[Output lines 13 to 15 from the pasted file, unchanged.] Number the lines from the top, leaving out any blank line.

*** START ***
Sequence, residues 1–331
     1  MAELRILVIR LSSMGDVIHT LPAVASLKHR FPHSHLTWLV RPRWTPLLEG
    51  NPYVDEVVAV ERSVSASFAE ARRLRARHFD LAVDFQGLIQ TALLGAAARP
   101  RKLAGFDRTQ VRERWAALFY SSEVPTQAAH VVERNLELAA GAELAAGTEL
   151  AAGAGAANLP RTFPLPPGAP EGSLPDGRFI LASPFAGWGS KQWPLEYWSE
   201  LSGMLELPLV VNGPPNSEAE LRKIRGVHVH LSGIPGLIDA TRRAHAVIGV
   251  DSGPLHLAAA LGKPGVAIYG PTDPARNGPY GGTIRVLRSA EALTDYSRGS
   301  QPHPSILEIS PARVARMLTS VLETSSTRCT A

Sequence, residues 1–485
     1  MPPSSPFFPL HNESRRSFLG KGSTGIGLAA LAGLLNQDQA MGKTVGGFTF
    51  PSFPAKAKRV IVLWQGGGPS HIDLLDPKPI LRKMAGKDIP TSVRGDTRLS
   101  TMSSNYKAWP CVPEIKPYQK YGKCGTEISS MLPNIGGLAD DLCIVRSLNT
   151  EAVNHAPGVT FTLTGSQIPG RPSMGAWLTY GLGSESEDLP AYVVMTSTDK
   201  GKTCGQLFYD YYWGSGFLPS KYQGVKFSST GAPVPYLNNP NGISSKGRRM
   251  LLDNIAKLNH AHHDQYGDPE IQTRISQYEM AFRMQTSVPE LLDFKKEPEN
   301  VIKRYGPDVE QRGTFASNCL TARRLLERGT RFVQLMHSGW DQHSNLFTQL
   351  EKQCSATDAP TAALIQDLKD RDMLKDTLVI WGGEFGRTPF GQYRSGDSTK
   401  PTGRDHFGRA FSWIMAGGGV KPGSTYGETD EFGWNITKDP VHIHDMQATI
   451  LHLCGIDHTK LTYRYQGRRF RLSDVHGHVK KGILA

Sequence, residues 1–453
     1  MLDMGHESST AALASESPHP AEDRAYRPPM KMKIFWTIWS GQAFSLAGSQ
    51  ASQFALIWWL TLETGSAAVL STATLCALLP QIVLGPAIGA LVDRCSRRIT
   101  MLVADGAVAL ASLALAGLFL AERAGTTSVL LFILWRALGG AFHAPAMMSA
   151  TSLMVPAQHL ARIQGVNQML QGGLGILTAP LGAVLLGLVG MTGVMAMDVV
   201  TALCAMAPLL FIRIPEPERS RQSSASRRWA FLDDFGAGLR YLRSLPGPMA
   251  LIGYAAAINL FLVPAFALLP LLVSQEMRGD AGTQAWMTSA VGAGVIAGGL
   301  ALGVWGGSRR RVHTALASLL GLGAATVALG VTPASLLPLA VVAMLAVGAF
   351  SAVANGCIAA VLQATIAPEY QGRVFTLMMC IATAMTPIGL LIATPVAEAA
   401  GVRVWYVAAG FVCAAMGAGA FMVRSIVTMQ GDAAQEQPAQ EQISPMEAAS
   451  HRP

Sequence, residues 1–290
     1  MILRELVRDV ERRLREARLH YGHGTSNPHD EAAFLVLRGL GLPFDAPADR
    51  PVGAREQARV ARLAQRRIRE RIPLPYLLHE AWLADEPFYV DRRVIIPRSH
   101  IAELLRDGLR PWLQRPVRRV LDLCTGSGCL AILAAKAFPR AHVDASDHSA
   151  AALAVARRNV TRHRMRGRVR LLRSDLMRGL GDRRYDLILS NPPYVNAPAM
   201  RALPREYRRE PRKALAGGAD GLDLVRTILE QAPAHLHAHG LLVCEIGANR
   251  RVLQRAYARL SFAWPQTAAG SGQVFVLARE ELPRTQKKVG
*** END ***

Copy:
   151  EAVNHAPGVT FTLTGSQIPG RPSMGAWLTY GLGSESEDLP AYVVMTSTDK
   201  GKTCGQLFYD YYWGSGFLPS KYQGVKFSST GAPVPYLNNP NGISSKGRRM
   251  LLDNIAKLNH AHHDQYGDPE IQTRISQYEM AFRMQTSVPE LLDFKKEPEN